Home / Industry / Telecom /  Network slicing may challenge net neutrality
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The debut of 5G networks is expected to pose a challenge to India’s net neutrality rules as telcom operators set their eyes on so-called network slicing.

Slicing effectively means giving preferential or differential treatment to a select set of customers in terms of cost or speed. However, the move would breach the government’s net neutrality rules that do not permit such experiences.

Carriers may therefore seek regulatory intervention to carve out or exempt services for, say, business-to-business connections or those provided to enterprises to offer high-speed, lower-latency services, said industry experts.

“Slicing and edge computing provide a differential experience in terms of technology and costing, and 5G has a different economic value attached to it versus 4G. So, both these elements put together call for a relook at the net neutrality rules or change in policy or regulation such that slicing can be permitted," said S.P. Kochhar, director general of Cellular Operators Association of India (COAI), which represents all telcos including Reliance Jio, Bharti Airtel and Vodafone Idea.

He said that the differentiated services were akin to providing business-to-business services, which are separate from business-to-consumer services offered by telecos, and therefore can be exempted from net neutrality laws.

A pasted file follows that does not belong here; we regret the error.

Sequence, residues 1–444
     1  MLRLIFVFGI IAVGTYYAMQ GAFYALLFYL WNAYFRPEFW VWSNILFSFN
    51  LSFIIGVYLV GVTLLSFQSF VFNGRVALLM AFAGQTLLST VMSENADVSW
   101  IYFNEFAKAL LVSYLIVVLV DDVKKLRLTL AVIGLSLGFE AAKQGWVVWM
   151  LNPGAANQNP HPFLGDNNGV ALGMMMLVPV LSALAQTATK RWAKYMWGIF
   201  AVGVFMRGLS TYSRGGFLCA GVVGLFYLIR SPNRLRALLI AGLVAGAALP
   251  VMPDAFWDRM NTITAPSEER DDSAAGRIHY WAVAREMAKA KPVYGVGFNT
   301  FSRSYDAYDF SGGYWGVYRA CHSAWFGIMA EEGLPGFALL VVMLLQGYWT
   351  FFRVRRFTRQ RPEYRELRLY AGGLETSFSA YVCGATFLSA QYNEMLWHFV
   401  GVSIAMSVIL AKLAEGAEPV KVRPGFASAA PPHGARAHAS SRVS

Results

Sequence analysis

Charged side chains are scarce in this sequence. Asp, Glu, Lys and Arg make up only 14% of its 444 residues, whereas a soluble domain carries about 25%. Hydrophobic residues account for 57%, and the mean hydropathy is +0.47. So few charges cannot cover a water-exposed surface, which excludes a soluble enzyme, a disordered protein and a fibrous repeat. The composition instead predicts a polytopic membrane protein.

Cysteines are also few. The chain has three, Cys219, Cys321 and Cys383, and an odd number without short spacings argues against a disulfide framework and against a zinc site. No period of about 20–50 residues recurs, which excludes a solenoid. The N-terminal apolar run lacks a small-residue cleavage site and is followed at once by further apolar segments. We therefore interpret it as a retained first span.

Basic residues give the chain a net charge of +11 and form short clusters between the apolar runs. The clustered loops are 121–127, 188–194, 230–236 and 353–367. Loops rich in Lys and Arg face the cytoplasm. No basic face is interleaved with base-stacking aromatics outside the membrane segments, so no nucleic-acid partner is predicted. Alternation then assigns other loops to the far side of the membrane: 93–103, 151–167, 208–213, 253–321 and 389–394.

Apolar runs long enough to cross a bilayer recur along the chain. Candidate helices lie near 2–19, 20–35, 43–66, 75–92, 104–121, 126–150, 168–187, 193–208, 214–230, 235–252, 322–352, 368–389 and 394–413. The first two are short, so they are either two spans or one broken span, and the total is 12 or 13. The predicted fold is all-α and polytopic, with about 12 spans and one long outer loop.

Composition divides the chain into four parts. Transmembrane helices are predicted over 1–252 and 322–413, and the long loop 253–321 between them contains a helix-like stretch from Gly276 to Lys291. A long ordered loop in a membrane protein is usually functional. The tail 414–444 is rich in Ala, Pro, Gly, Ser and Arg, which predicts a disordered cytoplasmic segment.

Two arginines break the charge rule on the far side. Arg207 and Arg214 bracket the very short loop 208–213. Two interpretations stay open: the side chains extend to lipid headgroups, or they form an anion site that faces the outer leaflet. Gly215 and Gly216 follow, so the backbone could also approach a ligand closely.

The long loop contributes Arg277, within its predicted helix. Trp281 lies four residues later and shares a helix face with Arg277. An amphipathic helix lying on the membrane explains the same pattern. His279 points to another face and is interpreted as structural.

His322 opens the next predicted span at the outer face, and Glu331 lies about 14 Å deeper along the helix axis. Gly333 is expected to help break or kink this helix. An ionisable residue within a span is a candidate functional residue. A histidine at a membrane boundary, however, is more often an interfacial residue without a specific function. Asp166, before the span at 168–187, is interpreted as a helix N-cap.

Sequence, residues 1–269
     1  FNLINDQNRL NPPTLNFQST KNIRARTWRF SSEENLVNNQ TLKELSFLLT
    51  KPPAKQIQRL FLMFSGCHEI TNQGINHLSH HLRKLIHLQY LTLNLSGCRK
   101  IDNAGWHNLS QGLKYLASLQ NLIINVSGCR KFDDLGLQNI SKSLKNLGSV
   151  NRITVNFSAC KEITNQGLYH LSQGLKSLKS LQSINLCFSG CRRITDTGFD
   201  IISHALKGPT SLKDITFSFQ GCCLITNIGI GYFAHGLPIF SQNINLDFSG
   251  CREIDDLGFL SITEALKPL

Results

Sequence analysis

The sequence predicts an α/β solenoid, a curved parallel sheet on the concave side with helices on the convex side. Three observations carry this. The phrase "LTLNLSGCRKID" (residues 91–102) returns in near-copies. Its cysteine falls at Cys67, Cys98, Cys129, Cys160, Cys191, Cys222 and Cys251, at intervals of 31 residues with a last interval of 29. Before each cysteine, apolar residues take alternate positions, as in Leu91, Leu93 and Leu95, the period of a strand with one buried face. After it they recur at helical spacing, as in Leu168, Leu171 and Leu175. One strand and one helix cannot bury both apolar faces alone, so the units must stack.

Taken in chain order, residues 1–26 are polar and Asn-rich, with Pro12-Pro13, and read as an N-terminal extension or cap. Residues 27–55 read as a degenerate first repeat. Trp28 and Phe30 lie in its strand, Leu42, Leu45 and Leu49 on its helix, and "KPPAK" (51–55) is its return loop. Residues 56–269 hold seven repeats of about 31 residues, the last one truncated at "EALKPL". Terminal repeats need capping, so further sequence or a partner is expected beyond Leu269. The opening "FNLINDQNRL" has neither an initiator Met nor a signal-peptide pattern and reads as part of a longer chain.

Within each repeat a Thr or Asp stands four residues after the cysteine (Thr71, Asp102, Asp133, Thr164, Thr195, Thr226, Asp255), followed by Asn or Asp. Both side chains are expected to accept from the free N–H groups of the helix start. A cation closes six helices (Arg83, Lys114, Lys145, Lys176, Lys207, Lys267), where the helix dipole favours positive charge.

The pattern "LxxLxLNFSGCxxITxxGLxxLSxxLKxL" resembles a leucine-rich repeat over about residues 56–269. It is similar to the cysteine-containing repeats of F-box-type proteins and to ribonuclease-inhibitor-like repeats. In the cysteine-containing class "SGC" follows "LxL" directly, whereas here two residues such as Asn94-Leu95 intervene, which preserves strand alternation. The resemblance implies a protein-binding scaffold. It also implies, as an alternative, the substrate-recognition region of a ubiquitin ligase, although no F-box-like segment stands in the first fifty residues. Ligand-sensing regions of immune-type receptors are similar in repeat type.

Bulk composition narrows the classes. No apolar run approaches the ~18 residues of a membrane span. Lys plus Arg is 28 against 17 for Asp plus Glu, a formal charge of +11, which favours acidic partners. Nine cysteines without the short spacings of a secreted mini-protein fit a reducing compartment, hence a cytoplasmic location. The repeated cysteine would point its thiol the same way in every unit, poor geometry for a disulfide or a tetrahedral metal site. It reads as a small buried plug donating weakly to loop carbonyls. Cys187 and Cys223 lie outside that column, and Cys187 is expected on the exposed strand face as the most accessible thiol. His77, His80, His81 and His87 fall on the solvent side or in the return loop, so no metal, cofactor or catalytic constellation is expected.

“Regulation should keep up with technology to avoid litigation," he noted.

Telcos have yet to raise the issue with the government or the Telecom Regulatory Authority of India (Trai), which had recommended the net neutrality rules in 2018, and were subsequently incorporated into the licence agreements of carriers.

The rules prohibit telcos, internet service providers and others from blocking, slowing or giving preferential speeds or treatment to content on their networks.

The rules also prohibit telcos or social media companies from offering zero-rated services or sponsored platforms, which can ride on the networks but are offered free to users, effectively stifling competition.

A multi-stakeholder body would be set up to monitor net neutrality compliance and ascertain exemptions, while the government will set traffic management practices, which are yet to be put in place, the rules further stated.

According to sector analysts, carriers are testing use cases requiring dedicated bandwidth or slice of the network.

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